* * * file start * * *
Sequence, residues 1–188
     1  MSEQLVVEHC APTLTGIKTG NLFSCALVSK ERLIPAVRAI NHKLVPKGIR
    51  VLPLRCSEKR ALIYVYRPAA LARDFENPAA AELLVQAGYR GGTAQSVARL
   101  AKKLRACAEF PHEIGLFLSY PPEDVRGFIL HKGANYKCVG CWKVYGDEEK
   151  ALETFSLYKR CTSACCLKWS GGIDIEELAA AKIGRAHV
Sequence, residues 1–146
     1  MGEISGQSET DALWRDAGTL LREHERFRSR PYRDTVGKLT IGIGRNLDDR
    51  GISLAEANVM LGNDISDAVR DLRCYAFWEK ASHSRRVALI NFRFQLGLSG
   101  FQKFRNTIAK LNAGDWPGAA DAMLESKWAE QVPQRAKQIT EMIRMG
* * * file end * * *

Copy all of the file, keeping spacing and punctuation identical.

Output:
Sequence, residues 1–188
     1  MSEQLVVEHC APTLTGIKTG NLFSCALVSK ERLIPAVRAI NHKLVPKGIR
    51  VLPLRCSEKR ALIYVYRPAA LARDFENPAA AELLVQAGYR GGTAQSVARL
   101  AKKLRACAEF PHEIGLFLSY PPEDVRGFIL HKGANYKCVG CWKVYGDEEK
   151  ALETFSLYKR CTSACCLKWS GGIDIEELAA AKIGRAHV
Sequence, residues 1–146
     1  MGEISGQSET DALWRDAGTL LREHERFRSR PYRDTVGKLT IGIGRNLDDR
    51  GISLAEANVM LGNDISDAVR DLRCYAFWEK ASHSRRVALI NFRFQLGLSG
   101  FQKFRNTIAK LNAGDWPGAA DAMLESKWAE QVPQRAKQIT EMIRMG